Millennials are now the largest generation of Americans, surpassing the Baby Boom generation in sheer numbers. Their financial situation is gaining much attention, with concerns about student debt, modest recovery of the job market for millennials, and delay of home purchases and saving for retirement.
Many millennials are entering their late 20s and early 30s, and it’s inevitable that they would turn their attention to saving for retirement. They may be asked to enroll in a 401(k) plan at work for the first time. They may be particularly focused on building retirement security if they see their parents – the baby boomers – approach their retirement years with inadequate retirement savings.
How much should millennials save for retirement? The fact is, any calculation of a retirement savings goal makes a number of assumptions about the future, and the farther away that future is, the more likely it is that the assumptions will turn out to be wrong. For example, the following assumptions need to be made to calculate a retirement savings target:
- Rate of return on savings, which depends on the assumed allocation of assets between stocks, bonds, and other investments, as well as the level of assumed investment expenses
- Inflation rate
- Salary growth rate
- Retirement age
- Household structure at retirement (single, married, presence of dependent children or parents)
- Amount of Social Security benefits (which depends in part on the household structure)
- Amount of matching contributions from employers, if any
- Amount of existing savings
- Expected living expenses at retirement, the largest of which will most likely be mortgage payments and medical premiums
- The income tax rates at retirement, and whether savings are invested in traditional retirement savings accounts or Roth IRAs or 401(k) accounts.
It’s quite easy to imagine many people throwing up their hands in frustration, saying “how should I know,” given that these assumptions must cover the next 50 years or so.
Millennials are at the age where any calculation of a retirement savings goal is, at best, a guestimate and more often is simply a shot in the dark.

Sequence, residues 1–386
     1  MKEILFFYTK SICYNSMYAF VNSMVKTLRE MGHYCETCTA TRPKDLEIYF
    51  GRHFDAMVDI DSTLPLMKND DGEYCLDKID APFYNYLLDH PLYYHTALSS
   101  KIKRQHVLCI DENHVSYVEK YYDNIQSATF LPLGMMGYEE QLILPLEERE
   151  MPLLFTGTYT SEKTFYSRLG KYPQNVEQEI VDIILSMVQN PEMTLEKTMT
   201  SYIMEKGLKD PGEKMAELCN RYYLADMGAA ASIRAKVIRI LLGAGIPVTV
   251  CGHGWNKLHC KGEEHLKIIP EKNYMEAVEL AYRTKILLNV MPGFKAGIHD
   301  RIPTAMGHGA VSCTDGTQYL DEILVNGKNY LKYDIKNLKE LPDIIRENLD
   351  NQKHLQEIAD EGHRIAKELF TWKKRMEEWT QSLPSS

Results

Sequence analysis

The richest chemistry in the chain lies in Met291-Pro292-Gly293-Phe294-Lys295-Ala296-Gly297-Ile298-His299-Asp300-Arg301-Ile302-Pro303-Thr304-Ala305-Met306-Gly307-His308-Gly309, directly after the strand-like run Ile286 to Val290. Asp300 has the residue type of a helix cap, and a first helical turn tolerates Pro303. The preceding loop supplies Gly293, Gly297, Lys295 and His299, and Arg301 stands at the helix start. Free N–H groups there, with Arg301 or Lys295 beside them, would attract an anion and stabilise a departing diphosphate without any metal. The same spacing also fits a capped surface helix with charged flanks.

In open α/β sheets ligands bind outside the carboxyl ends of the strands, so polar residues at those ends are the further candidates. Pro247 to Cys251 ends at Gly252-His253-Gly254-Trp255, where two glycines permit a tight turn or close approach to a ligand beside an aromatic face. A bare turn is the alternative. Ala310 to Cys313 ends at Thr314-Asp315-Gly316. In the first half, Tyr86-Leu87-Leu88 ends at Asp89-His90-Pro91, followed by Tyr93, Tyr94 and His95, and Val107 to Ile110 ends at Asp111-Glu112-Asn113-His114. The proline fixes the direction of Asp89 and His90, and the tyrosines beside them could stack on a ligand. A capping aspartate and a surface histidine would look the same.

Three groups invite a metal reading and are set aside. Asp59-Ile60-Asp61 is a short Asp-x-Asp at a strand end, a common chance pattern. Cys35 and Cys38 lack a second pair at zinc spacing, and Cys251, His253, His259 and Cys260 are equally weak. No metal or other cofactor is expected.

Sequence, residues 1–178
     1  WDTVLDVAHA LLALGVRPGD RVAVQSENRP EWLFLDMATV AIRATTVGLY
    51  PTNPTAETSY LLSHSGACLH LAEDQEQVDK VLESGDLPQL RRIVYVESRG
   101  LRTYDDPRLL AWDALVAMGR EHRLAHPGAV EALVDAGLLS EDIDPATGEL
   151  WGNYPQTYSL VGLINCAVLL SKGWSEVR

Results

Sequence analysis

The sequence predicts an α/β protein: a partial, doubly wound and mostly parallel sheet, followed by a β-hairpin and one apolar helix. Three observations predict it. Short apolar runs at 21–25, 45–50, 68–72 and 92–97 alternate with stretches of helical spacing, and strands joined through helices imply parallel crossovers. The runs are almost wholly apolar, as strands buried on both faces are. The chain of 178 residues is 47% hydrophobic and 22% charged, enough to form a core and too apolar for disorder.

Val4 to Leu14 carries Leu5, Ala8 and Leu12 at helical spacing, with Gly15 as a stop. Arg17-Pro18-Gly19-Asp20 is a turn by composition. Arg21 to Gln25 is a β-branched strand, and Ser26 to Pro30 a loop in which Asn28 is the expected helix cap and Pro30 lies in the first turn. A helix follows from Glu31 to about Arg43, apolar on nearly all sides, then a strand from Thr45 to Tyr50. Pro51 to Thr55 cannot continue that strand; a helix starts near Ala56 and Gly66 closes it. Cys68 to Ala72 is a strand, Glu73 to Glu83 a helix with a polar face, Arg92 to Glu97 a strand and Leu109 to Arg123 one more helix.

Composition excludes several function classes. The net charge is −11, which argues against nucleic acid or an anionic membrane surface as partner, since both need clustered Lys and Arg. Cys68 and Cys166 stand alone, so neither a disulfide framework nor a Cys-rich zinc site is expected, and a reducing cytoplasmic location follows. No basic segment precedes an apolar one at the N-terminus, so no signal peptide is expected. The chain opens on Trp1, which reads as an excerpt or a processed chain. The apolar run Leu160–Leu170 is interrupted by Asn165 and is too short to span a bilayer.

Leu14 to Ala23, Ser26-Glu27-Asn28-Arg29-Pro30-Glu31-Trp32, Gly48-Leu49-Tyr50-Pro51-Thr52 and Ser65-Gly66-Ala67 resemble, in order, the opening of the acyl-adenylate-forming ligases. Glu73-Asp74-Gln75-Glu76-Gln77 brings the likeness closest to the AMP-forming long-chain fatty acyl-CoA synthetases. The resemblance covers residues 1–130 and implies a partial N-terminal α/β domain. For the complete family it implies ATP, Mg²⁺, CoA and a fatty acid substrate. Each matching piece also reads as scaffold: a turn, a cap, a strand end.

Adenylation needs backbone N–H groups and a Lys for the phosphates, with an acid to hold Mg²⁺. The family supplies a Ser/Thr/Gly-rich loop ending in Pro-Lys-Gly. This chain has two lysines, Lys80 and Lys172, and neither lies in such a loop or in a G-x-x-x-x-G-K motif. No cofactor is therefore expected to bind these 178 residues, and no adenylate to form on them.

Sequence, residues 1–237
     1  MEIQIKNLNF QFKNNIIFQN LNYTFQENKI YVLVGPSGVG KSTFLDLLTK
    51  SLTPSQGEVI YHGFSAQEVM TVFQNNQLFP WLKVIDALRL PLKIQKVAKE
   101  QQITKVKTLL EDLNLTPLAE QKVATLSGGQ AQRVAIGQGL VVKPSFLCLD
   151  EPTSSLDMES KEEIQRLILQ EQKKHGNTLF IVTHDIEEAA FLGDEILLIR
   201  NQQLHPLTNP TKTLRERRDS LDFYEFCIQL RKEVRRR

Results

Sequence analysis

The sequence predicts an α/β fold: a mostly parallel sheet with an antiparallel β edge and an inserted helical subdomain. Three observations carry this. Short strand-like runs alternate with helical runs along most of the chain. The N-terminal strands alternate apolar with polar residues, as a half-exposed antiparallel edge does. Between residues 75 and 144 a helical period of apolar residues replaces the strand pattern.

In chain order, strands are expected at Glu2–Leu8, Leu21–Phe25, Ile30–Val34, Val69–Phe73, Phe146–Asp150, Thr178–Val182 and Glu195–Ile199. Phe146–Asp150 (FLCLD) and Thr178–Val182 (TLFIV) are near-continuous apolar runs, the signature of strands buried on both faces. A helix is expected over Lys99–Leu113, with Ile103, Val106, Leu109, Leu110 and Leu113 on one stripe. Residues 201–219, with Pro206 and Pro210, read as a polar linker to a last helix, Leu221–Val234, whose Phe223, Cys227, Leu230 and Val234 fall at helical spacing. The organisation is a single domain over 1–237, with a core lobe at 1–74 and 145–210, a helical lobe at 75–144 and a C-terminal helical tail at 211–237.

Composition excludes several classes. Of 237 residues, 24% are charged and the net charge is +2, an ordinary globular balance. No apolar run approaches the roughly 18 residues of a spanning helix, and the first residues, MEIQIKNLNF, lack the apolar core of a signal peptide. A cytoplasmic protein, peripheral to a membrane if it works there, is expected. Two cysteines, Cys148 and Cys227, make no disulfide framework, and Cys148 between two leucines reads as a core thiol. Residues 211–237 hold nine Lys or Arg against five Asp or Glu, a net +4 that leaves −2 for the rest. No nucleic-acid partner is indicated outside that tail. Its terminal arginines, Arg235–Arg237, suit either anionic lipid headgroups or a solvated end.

A pessimistic perspective
A recent study by NerdWallet1 reveals that 22 percent of pay could be the new retirement savings goal for millennials, including the employer’s match. Adding this to all the financial issues mentioned at the beginning of this article, it’s no wonder so many millennials may feel be feeling stress about their financial future.
But will millennials really need to save a total of 22 percent of pay for retirement? The answer depends on the degree of optimism or pessimism built into the assumptions listed above.
The NerdWallet analysis resulting in the 22 percent savings target assumes a 25-year-old currently making the median wage of $40,000 per year will retire at age 67 and will need to replace 80 percent of her income for a comfortable retirement.
These last two assumptions may or may not be too pessimistic, depending on the individual’s goals and circumstances. For instance, many millennials plan to work in their retirement years and retire later than age 67 (although it remains to be seen if they’ll be able to find work). And many retirees are quite happy living on reduced incomes in exchange for their retirement freedom.
The NerdWallet analysis resulting in the 22 percent savings assumes annual stock market returns will fall to 5 percent per year from the historical average of 7 percent. NerdWallet also calculates that the 22 percent target will drop to 13 percent of pay if stock returns are 7 percent per year.
Most important, its calculations assume millennials will receive nothing from Social Security, a position that may prove to be way too pessimistic. The Social Security trust fund could be completely exhausted and beneficiaries could still receive about three-quarters of their scheduled benefits, according to the 2016 Social Security Trustees Report2.
All told, NerdWallet’s 22 percent figure is based on a number of assumptions that lean toward pessimism.
A more optimistic perspective
The Boston College Center for Retirement (CRR) also recently provided retirement savings guidelines that can apply to millennials3. It calculated guidelines for a number of situations depending on earnings level, the age the worker started saving for retirement and the assumed retirement age. For example, for a 25 year-old middle-income earner, these savings targets are most applicable according to CRR:
- To retire at age 62: Save 15 percent of pay
- To retire at age 65: Save 10 percent of pay
- To retire at age 67: Save 7 percent of pay
- To retire at age 70: Save 4 percent of pay
Note: Employer matching contributions count toward these goals.
To compare these numbers directly to the NerdWallet analysis, the CRR savings guideline for a 25-year-old who retires at age 67 is 7 percent of pay, a far cry from 22 percent or even 13 percent.
The following CRR assumptions are more optimistic than NerdWallet’s:
- Middle-income earners will need a retirement income of 71 percent of their pay in retirement